Book Review: The Blue Umbrella by Ruskin Bond

Among all Ruskin Bond books, The Blue Umbrella has, so far, gathered immense applaud from readers and critics alike.  This is a short novel, but the kind of moral lessons it teaches to us are simply overwhelming. This is a story of Binya, a poor little girl living with her mother and an elder brother, Bijju, in a small hilly village of Garhwal. One day while herding her two cows back home, she stumbles upon some city people enjoying the picnic in the valley. She is enthralled to see them well-groomed and rich. She craves to be one like them and among many other things of their, a blue frilly umbrella catches her attention. She begins craving for it. On the other hand, the city people get attracted by her innocent beauty and the pendant in her neck. The pendant consists of leopard’s claw – which is considered a mascot widely in the hills. Binya trades her pendant off with the blue umbrella. The blue umbrella is so much beautiful that soon it becomes a topic of conversation fo

Poem Summary: Ozymandias by Percy Bysshe Shelley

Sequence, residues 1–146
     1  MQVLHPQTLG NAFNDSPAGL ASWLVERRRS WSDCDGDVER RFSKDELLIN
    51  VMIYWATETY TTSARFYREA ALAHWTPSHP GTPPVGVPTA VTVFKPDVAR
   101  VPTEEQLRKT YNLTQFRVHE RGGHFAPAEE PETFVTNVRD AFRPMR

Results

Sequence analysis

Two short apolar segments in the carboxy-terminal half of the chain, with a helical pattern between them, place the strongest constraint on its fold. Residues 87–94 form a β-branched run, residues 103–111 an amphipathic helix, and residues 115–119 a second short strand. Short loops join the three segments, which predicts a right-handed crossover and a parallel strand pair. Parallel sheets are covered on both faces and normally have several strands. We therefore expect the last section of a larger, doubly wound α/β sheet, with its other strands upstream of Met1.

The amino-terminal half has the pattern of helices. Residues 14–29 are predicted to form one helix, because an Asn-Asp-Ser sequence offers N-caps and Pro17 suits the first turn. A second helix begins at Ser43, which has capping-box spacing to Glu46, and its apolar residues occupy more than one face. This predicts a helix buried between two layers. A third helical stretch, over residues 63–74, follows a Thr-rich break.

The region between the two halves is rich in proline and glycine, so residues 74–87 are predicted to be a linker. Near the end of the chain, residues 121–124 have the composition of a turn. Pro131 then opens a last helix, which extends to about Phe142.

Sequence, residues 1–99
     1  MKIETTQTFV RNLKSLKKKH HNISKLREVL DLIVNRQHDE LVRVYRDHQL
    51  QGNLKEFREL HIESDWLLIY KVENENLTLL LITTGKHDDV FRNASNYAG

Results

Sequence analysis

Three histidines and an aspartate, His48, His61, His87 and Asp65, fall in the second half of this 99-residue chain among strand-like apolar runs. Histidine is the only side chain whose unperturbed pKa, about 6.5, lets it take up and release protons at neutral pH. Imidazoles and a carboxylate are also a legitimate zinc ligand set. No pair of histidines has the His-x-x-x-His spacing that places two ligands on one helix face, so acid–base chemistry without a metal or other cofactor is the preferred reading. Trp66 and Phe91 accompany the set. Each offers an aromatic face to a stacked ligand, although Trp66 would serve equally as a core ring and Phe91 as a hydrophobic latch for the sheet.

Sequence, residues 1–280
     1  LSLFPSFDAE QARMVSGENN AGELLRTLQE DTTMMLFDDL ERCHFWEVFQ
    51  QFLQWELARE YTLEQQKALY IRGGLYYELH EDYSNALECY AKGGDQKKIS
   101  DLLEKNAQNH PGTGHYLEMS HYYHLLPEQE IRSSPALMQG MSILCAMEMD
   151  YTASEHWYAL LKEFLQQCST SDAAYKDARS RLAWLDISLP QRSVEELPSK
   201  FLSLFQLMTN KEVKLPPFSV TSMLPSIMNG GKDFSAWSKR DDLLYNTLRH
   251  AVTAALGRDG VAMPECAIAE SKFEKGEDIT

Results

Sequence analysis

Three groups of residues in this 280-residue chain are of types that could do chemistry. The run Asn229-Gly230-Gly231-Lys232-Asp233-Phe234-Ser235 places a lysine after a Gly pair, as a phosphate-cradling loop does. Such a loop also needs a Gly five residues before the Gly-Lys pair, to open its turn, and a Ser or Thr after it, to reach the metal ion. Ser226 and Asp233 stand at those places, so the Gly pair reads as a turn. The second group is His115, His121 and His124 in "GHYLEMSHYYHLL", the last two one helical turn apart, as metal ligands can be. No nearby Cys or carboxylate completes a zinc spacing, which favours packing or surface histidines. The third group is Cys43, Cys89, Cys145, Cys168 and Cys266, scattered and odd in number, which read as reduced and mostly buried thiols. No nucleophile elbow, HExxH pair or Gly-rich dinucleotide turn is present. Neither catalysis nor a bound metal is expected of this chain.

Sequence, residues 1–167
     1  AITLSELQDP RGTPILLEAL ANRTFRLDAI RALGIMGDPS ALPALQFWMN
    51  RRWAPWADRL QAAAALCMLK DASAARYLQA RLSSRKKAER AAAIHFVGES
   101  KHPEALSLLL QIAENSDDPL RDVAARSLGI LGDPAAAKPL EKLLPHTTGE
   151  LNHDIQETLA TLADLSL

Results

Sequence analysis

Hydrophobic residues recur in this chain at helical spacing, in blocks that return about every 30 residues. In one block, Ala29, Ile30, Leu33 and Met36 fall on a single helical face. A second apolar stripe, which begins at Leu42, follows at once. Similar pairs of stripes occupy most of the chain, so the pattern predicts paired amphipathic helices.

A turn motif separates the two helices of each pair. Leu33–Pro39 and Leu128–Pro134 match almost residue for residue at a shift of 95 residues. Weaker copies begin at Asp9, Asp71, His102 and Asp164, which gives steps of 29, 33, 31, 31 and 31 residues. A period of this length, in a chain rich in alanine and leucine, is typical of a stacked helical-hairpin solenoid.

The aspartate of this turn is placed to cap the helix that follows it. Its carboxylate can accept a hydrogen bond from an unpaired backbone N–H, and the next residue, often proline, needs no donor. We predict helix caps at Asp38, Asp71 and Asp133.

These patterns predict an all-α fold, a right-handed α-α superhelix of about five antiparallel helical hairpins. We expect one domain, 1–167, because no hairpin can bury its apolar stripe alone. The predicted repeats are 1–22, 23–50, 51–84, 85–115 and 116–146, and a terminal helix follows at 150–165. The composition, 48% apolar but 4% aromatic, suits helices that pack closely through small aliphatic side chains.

Ozymandias is a short poem of fourteen lines written by Percy Bysshe Shelley. The concurrent theme of the poem is that nothing remains intact and same forever in this world. Even the brightest of metal, one day decays with passage of time. The throne name of Egyptian King Ramesses is Ozymandias. It was his dearest desire to preserve himself forever by building a huge statue that he thought would never tumble down. Stanza 1: I met a traveller from an antique land Who said: Two vast and trunkless legs of stone Stand in the desert. Near them, on the sand, Half sunk, a shattered visage lies, whose frown, And wrinkled lip and sneer of cold command, Tell that its sculptor well those passions read Which yet survive, stamped on these lifeless things, The hand that mocked them, and the heart that fed; Summary: The poet narrates the poem through the eyes of a traveler who seems to have come back from a remote and far-away land, referring to Egypt. The traveler r